Filter Results CategoriesCart
Highlight Updates

1.2.4 The Treatment of Sales

Under English common law, usury restrictions did not apply to the price that a merchant could charge for goods. A seller could charge one price for the goods if the buyer paid immediately, and another, higher price if the buyer chose to pay over some agreed time. The difference between the “time price” and the “cash price” was not counted against the usury ceiling. This so-called “time-price doctrine” was adopted by American courts interpreting American general usury laws. Consequently, the charges associated with the credit sale of goods were generally not considered interest and were unregulated until specific statutory controls were adopted in the middle of the twentieth century.44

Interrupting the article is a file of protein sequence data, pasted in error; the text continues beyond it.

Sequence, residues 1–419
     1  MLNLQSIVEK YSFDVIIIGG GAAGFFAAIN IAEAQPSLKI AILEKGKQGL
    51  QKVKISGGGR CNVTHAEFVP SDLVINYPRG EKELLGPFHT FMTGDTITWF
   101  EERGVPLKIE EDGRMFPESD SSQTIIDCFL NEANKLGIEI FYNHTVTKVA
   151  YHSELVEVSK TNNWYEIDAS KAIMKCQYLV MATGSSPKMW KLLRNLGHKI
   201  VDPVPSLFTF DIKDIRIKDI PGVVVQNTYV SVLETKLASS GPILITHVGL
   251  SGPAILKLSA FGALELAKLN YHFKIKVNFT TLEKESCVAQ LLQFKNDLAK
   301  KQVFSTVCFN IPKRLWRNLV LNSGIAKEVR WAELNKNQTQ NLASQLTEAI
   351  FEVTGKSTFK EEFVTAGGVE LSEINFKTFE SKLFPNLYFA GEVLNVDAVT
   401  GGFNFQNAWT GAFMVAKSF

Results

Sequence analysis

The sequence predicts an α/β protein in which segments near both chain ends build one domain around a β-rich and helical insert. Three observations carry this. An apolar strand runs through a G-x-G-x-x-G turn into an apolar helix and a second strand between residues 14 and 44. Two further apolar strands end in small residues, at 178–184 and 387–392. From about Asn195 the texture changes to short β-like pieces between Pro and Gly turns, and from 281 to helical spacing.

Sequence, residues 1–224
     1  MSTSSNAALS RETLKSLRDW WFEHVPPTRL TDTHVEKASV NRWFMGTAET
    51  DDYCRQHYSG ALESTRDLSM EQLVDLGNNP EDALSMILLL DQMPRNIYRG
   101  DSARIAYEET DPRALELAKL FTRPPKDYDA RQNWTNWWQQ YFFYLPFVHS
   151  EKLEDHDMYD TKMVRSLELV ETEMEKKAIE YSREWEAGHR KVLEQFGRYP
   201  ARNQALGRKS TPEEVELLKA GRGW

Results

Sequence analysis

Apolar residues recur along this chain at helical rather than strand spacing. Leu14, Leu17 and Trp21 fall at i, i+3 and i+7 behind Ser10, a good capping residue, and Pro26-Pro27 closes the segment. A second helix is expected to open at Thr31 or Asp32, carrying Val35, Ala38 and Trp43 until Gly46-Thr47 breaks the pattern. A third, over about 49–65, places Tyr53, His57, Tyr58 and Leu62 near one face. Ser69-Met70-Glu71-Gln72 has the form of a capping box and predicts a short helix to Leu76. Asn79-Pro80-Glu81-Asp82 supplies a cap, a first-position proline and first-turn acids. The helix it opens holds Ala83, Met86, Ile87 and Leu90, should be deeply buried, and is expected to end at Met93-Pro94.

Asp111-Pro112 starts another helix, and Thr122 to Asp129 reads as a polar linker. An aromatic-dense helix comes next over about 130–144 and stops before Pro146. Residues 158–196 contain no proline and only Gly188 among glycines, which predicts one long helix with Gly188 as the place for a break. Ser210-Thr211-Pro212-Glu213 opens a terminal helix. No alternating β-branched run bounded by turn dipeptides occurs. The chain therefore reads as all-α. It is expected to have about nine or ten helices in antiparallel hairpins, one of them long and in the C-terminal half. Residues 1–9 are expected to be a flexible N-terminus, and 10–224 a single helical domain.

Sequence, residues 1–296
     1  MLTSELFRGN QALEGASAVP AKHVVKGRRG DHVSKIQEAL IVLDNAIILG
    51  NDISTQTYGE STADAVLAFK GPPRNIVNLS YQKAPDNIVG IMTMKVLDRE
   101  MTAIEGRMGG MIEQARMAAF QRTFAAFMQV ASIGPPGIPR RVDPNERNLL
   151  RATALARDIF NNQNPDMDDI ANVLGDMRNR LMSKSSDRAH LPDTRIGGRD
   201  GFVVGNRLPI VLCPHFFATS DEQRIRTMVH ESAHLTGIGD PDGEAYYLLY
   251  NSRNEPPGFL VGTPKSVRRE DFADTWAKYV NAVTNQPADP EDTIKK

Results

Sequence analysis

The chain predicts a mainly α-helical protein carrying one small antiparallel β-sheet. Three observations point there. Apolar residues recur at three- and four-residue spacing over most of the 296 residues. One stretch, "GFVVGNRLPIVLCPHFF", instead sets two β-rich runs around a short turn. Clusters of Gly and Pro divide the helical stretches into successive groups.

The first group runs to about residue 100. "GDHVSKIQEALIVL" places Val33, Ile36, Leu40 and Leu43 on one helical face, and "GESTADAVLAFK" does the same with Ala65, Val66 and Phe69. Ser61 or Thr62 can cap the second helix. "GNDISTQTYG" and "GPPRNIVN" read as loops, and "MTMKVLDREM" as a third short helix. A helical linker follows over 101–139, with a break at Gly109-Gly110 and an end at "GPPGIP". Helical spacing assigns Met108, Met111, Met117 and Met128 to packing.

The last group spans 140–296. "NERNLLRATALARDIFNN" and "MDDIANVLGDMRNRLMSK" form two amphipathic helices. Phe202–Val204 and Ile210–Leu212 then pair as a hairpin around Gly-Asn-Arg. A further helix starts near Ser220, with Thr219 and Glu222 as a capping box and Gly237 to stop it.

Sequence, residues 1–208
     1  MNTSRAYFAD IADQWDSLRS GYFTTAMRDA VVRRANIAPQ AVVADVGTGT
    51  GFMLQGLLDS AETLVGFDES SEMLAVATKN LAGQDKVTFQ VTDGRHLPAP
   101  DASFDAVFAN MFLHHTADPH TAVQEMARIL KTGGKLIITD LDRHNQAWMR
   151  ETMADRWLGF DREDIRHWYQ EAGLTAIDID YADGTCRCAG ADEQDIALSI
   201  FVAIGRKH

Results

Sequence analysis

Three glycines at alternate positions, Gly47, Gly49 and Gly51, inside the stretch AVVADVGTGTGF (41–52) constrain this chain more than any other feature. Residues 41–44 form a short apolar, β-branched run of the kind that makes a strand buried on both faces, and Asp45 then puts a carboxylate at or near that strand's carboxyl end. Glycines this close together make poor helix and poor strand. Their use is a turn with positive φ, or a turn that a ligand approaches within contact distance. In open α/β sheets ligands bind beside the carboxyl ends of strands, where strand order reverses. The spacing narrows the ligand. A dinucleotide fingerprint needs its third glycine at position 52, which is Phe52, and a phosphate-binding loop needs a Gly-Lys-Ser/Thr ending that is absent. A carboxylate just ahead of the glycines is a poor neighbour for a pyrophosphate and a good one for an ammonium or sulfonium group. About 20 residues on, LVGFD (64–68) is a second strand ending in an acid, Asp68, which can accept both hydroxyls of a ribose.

This treatise treats retail installment sales acts (RISAs) and motor vehicle retail installment sales acts (MVRISAs) as a subclass of special usury laws, since a credit sale is merely a secured loan in different legal clothing.45 The historical distinctions between loans and credit sales still occasionally crop up in modern consumer credit cases, however, and practitioners should remain alert for those distinctions.46

Footnotes

  • 44 {43} See § 7.5.2, infra (discussing the definition of interest).

  • 45 {44} See Mandan Supply, Inc. v. Steckler, 244 N.W.2d 698 (N.D. 1976) (treating state RISA as a special usury statute). See generally Ch. 11, infra (analysis of RISAs and MVRISAs), Appx. C, infra (summaries of RISAs and MVRISAs).

  • 46 {45} See §§ 2.3, 3.9.5, 7.5.2, 11.7, infra.